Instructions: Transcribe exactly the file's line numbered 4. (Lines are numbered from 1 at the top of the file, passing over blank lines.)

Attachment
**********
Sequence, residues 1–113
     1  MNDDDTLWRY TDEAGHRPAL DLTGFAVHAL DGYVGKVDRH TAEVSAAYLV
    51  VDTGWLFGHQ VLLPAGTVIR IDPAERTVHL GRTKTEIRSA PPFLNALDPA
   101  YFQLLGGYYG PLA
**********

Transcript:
   101  YFQLLGGYYG PLA